Revamping the NFL draft: Hunger-Games style!

Tired of searching for the latest mock drafts? Tired of hearing the latest shock jock garbage thrown out there just for page hits? Tired of trolls arguing endlessly over and over about the exact same topics? Well, I have a solution. Time to blow up the NFL draft format and bring it into the modern age: Hunger Games style.

Here we are, ladies and gentlemen: It's draft night. Madison Square Garden, however, is set up a little differently. No more green room, or team tables with more telephones than people. No more podium, and no commish. No obnoxious NY fans who boo every pick. No more retired NFL stars mispronouncing their former teams 5th round picks at the podium. And praise be, definitely no Chris Berman. Not this time. Instead, the building is empty; empty except for the top 224 draft prospects, decked out in their college uniforms, and 5 representatives (hunters) from each of the 32 teams.

The new rules are simple: The team reps all have paintball guns with 2 pellets each, for a total of 10 pellets per team. Each bullet is in a different color scheme that displays their team logo when it hits its target. And what is the target? The players, of course. Madison Square Garden has just turned into the ultimate paintball war, with the draft targets being the hunted prize.

Each team rep and each of the 224 players have a night-vision camera on them to capture their view, and there are tons of network cameras set up around the arena to bring us all the best angles and insight into the action. When it is time, a hush falls over the Garden. Deep breaths are taken, and the lights go off. There is a 5 minute period where players and teams can set up wherever they like. Hide in the bathroom? Terrific. Get in the upper deck for sniper angles? Hoorah. At the end of the 5 minute period, a siren sounds and the draft begins. If a team is the first to shoot a player, they get the draft rights to that player.

Now the players wear their uniforms for 3 reasons: First, you can tell who is who. It wouldn't do for the fringe players to put on the dreds wig and trick people into thinking they are Clowney. Second, the uniforms have a sensor that will identify which team lands the first shot to prevent disputes. When the shot is landed, that player is removed from the battle area. Finally, we don't want the players hurt by the paintballs so their uniforms will protect them.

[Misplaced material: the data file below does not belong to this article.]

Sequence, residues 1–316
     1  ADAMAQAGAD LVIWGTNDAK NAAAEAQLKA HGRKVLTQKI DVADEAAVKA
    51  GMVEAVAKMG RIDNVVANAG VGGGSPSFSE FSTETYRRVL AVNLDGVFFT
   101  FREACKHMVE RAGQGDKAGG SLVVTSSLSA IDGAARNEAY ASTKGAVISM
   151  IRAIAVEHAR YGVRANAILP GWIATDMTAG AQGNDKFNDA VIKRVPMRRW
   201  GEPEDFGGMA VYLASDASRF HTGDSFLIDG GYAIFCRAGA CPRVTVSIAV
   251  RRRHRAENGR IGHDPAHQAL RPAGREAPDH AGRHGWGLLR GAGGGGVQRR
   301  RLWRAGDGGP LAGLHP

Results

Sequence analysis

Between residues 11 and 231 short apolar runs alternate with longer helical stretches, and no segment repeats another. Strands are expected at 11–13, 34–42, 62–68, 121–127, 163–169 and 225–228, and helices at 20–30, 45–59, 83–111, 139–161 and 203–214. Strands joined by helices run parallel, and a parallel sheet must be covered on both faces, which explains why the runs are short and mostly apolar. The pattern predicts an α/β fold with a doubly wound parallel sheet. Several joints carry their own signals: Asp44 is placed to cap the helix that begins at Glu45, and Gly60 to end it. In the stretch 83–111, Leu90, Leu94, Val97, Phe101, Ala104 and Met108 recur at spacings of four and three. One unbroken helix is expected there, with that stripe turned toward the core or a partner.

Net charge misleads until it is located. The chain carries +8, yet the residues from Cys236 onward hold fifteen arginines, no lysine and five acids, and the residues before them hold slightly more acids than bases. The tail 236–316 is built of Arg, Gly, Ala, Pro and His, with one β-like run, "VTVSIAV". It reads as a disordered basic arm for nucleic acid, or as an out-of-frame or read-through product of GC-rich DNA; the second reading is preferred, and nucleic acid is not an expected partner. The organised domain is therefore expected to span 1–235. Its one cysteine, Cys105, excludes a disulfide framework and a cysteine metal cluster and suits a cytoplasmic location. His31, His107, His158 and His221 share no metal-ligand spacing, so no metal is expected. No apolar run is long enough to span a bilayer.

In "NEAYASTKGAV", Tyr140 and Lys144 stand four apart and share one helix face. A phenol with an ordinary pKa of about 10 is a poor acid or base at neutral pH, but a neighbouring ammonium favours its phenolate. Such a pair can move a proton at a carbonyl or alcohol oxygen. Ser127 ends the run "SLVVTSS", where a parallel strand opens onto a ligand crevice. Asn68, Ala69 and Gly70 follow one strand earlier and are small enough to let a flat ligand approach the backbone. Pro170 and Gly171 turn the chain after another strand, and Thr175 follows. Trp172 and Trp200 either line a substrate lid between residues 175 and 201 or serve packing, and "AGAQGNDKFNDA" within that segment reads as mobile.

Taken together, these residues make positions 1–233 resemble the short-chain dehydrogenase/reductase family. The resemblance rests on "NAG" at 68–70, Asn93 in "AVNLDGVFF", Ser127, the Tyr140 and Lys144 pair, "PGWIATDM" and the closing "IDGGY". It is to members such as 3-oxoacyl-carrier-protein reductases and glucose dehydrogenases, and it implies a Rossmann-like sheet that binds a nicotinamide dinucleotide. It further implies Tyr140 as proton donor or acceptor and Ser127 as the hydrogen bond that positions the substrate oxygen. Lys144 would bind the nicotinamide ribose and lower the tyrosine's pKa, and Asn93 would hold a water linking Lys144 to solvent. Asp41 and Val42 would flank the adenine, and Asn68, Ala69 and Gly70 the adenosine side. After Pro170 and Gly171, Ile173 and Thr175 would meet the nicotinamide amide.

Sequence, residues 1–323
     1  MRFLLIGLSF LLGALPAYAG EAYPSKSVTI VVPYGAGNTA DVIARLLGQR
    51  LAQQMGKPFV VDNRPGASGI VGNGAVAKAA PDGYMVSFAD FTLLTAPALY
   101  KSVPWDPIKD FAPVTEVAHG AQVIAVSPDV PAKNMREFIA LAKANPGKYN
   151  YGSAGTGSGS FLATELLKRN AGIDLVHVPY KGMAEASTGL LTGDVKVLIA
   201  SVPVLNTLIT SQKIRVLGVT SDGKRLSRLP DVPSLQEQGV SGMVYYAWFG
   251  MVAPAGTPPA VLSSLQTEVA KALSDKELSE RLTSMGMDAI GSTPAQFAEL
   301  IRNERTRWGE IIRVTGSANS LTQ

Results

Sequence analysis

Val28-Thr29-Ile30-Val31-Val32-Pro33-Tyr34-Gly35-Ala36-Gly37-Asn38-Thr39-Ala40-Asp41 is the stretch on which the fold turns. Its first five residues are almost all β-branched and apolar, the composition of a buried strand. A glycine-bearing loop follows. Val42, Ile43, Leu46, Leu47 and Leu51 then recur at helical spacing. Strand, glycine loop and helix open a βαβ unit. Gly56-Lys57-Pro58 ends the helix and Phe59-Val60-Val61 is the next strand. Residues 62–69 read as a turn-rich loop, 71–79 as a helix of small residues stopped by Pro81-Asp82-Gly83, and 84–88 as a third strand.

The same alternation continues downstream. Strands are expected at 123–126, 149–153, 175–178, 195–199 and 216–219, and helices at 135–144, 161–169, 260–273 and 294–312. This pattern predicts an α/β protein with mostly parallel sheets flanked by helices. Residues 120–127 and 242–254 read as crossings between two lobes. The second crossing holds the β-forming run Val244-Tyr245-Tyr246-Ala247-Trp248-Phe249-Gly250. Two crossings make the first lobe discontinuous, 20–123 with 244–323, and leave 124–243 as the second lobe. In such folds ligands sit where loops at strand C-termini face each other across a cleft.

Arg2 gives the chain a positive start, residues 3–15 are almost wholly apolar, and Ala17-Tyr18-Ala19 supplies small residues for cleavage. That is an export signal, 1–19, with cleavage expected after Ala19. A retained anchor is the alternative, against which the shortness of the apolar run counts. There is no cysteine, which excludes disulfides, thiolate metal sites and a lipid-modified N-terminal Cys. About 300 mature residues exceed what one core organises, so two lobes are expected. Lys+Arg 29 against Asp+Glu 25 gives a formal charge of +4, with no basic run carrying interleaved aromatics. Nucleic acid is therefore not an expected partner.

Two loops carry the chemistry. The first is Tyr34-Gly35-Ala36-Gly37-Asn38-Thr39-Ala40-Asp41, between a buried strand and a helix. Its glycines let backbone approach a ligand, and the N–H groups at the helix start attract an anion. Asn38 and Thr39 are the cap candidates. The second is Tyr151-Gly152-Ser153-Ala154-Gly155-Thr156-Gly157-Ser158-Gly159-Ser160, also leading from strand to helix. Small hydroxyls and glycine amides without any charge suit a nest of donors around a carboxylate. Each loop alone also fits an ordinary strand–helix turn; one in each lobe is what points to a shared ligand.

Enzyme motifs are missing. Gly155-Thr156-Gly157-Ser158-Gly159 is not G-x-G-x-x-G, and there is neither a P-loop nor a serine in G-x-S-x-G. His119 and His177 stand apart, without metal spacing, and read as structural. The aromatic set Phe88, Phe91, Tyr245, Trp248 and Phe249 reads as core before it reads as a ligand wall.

All of the action, of course, will be broadcast live. We see the first-person views from the head cams and there is a running count of who has been hit and who is remaining, along with a summary of how many pellets a team has left. The first player a team hits is their first round draft pick, and they are slotted 1 to 32 in the order they are shot. Each first round draft pick makes the same money, so there is no incentive for a player to try to get hit first. Instead, they can try to be hit by the team they really want to play for. If a team hits more than 7 players, they will be allowed a day after the end of the draft to select their top 7. The leftovers go to any teams that did not manage to hit 7 targets.

Now all the pre draft drivel is no longer relevant. Trolls like Skip B will be rendered silent. Instead, the strategy is all about the execution of the hunt. Who are the best shooters on each team? Who do they target, knowing that all the teams will be going hard after the Clowney's and Bridgewaters' of the draft? And where is Clowney? Is he hiding in the john so the Browns won't find him? Does he make a run for the Patriots shooter and hope the Jags don't pick him off first? Does he risk hiding too well and falling into a later round? And what about the teams? Do you dare risk a Clowney/Bridgewater double shot and put all your eggs in one basket, realizing that you may get neither and lose track of the other top prospects?

And it is also a better test of player agility than the combine. The fringe players who are destined for the 6th and 7th round are trying to shadow better players and see if they can take a bullet meant for the other player, thereby getting them into a higher round and more money. Can you imagine the diving attempts to get in front of Bortles as the lasered paintball comes hurtling in? We will really find out who can get separation and who can cover.

And leading up to the draft, it is permissible for the player to have conversations with each team. Strategies can be formulated. me at the water cooler on level D by the corn dog stand so I can plug you first. Other teams however, can try to outguess you and beat you to the punch.

With only 10 bullets, and 5 shooters, they teams must talk by radio to keep track of their strategy. How do they decide who to shoot when they are separated? Do you settle for a slotted third rounder with your second shot or try for something better? Do you go for need or best player available? Fascinating process.

After 4 hours, or when the last team runs out of pellets, the lights go on and the tallying is finalized. The seeding part of the draft, ladies and gentlemen, is over.

But it doesn't stop there.......over the next 30 days, teams have the right to trade the players they earned the right to draft if they so choose. Here is where you get some blockbuster deals as teams can get who they really wanted.......for the right price. Shrewd front offices will outsmart the weaker teams, putting a premium on both the paintball strategy and how the trade sessions may go.

What do you think, BRB? Chime in with ideas to make it better.

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